Another great spot, located off the coast of Hong Kong is the idyllic island of Cheung Chau. This is a great island to check out if you want to escape the city. It’s full of bicycles and no cars. It just a short trip away from the city, yet it feels a world away.
To get there, you can take the regular or the fast ferry service from Central Pier number 5. I took the regular ferry from the mainland, which took around an hour. It provided me with some amazing views on the city and the surrounding islands!
On arrival, it is clear to sea how naturally beautiful the island is with a wide expanse of greenery, rolling hills and caves to explore, such as the Cheung Po Tsai Cave. The harbour is very quaint and picturesque. It is bustling with activity, as fishing vessels, trawlers, continually cross from one side to the other. It certainly has a vibrant feel and an inviting waterfront promenade lined with little shops and souvenir stands. Plenty of fresh seafood restaurants and many dried food stalls.
To travel around the island, I decided to use pedal power and of course, took in some of its great nature. Although small, the island has lots to do and enough to easily allow you to spend a full day here. The roads, such as the Sai Tai Road, are inviting and there are small temples dotted all around. It provides many opportunities to enjoy a short hike and immerse yourself in some of its splendid views on the sea.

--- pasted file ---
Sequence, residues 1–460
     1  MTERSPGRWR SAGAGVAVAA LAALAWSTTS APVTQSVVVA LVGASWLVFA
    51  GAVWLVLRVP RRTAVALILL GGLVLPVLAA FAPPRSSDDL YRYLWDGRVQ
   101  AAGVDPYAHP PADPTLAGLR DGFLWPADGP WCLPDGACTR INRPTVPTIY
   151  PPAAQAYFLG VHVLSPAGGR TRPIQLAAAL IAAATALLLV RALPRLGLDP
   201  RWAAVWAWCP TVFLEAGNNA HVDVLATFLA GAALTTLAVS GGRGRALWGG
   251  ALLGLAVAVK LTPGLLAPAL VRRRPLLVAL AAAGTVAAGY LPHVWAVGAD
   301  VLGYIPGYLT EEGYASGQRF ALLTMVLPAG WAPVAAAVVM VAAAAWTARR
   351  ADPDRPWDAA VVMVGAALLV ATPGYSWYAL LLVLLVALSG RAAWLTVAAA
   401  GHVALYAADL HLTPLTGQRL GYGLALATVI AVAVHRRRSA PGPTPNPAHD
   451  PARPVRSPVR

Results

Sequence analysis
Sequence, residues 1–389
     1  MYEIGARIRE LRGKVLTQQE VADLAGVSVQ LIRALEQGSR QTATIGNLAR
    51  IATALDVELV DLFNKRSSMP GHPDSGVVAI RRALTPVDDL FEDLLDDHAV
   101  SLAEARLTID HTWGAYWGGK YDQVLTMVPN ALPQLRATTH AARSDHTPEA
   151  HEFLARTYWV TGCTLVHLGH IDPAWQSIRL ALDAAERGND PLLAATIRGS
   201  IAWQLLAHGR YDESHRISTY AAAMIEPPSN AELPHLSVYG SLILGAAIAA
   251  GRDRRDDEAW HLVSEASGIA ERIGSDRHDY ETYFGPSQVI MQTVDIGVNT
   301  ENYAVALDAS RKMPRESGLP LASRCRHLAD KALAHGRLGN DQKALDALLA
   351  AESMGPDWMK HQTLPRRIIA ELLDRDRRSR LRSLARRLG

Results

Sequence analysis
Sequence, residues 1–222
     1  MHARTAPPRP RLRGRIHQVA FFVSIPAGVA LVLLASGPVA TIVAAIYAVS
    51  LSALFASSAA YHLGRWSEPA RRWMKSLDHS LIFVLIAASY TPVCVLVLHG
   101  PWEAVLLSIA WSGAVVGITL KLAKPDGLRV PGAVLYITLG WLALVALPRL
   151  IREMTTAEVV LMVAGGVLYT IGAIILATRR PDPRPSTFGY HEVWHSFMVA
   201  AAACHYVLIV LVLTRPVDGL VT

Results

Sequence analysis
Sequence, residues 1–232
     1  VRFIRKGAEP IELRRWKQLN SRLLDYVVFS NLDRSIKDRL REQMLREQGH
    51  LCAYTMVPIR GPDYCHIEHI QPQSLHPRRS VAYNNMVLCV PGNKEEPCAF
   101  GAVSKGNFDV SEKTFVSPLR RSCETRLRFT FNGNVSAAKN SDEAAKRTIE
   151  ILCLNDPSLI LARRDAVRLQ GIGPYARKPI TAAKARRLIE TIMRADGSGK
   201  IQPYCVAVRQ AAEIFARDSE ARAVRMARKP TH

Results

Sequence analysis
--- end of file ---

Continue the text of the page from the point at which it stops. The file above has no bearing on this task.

The victoria Peak Summit
When travelling to the Peak, which just happens one of my 10 favorite photospots in Hong Kong), You can take the tram up to the very top. Once there you can revel in this amazing experience, with some amazing views over the city.
You will finally end the visit at the Peak Tower, which is about as far up as most tourists get to go. If you want to go further you can continue hiking up the Mount Austin Road for about another 20 mins, where you will eventually reach the summit. Once there, you will find yourself in the tranquil Victoria Peak Garden where you will be treated to another stunning viewing point. Make sure you bring water and insect repellant with you!
There are countless more green areas to explore…
As a photographer and traveller, I love the outdoors, and I’ve enjoyed having had the chance to hike in this picturesque corner of South East Asia. It was a truly wonderful experience, with so many opportunities to experience the great outdoors in Hong Kong.
Another highlight in this area would be to see the famous Tian Tan Buddha on Lantau Island. Or Tai O. The Lantau island is beautiful and an impressive site to see. It is a tiny fishing village where you will find an array of traditional houses placed on stilts and where you have the chance to spot pink dolphins. They are both part of my 10 favorite photospots in Hong Kong.
I was excited about exploring the many green areas of Hong Kong and was very surprised about how many great routes were on offer. With these five unique guided hiking tours to choose from there’s something for everyone.
I had the privilege to revisit this amazing city under inviation from the Hong Kong Tourism Board. I would like to extend a huge thank you for allowing me to visit the city again and explore much of its greener surroundings. If you would like to find out more about the tours, then please visit their website for more information.